“Words hurt even more than a cut on the arm, a bruise, because those heal and people can see that and tend to it and nurture it. My mum would put Vaseline on my wounds because Vaseline cures everything, but how do you put Vaseline on the internal wounds of racism?”
In the documentary, Anton talks about his reasons for not speaking about the incident until now.
Dee said that when you do open up, it’s important to find someone you can trust to talk to.
“When I think about it culturally, if you’ve been impacted by racism you may well be from a culture telling you don’t tell others your business,” she said.
“So when you’re nearest and dearest tell you not to talk about something, that silences you more.
“The reason those around us tell us not to talk about it is to keep us safe from the backlash and uncertainty of how others will respond to our pain.
“Our loved ones are telling us not to talk about it for a reason, to keep us safe, so who are you supposed to talk to?
“It’s a juxtaposition, where we’re not going to talk about it in order to stay safe, but if I don’t talk about it, how long can the pain be safely suppressed and how much damage is being done in that time?”
Dee said that one of the reasons she became a psychotherapist was because of her own experiences of talking therapies.
And she has offered people advice on how to begin to “heal from the impact of racism”.
“I had depression when I was in my 20s,” she said. “My brother-in-law took me to the Samaritans. I met with a counsellor for six weeks and after six weeks I felt better, so I kept on going.
“I know talking therapies work.
“I’m from a community that’s encouraged us not to talk about our private lives in order to stay safe.
“I wanted to give my community a voice, and I want to support the healing.
“The healing of my community, being the black community, goes back hundreds of years.”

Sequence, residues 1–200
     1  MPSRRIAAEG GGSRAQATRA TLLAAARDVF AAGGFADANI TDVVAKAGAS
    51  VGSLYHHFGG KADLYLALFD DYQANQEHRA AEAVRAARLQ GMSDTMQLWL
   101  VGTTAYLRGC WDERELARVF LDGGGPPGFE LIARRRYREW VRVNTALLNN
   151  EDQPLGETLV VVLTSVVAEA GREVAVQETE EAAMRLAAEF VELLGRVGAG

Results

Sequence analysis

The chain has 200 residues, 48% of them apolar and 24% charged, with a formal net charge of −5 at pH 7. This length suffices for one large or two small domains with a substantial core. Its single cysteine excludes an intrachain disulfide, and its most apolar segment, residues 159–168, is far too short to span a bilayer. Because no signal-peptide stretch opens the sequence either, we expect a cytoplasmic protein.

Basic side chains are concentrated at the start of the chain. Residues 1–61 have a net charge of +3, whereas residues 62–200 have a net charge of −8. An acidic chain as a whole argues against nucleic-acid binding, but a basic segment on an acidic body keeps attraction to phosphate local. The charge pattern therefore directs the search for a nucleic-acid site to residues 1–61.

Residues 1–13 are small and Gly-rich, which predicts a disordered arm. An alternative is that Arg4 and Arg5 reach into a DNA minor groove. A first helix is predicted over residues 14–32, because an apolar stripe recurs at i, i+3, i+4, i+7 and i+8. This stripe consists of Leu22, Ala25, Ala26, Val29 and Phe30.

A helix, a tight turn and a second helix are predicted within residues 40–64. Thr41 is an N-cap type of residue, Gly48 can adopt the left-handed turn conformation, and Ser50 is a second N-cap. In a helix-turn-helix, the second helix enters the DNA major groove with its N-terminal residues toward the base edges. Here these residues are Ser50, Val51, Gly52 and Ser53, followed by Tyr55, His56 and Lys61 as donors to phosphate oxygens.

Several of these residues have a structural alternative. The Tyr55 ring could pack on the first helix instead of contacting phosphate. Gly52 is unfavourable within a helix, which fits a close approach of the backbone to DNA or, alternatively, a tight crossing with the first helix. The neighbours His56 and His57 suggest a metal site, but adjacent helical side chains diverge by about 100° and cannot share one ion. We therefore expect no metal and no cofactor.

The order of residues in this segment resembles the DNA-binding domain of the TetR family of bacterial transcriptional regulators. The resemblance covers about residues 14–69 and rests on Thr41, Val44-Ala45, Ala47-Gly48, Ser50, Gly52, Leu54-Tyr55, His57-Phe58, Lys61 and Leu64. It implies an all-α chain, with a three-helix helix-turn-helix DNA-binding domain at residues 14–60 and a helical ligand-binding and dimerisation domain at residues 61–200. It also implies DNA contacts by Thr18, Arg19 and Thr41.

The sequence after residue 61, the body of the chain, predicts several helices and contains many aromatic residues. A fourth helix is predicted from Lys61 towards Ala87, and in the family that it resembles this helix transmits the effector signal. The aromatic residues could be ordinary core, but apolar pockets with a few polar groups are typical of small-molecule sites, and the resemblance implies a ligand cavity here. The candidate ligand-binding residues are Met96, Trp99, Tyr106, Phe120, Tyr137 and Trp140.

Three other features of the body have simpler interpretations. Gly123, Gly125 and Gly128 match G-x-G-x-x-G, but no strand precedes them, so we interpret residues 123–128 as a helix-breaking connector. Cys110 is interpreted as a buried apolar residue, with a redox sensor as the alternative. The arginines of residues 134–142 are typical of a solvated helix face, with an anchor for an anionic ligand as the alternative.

She added: “Part of healing from the impact of racism is knowing who you are and where you came from.
“I think it’s important when we’re impacted by racism that we empower ourselves in our culture.
“Visit your old neighbourhood or place of birth. Speak to or be with your elders. Read the story of our heroes and sheroes. Support your spiritual wellbeing through mediation and developing a spiritual practise.
“This enables clients to build confidence and self-esteem, making it easier to wade through the pain, anger and silence and onto the path of healing.”
Counselling and psychotherapy
And Dee said counselling and psychotherapy can help people process what they’ve experienced.
“It makes them realise that they’re experiencing trauma," she said. "It’s not to be brushed under the carpet.
“I came into psychotherapy to support my community, to help people live their best lives, and to facilitate change. I know it works,” she added.
If you’ve been affected by any of the issues in this article and want to speak to a therapist, you can find a BACP member near you via our directory.
Image credit: BBC / Wonder TV / Chris Bull
What is counselling?
Find out how counselling works, what therapists do and what happens in a therapy session. We also explain some of the key terms and concepts you may hear.
What therapy can help with
An A-Z list of issues and concerns which may be helped by talking to a counsellor.
How to find a therapist
How to use the BACP Register and our online therapist directory to find the right counsellor or psychotherapist for you.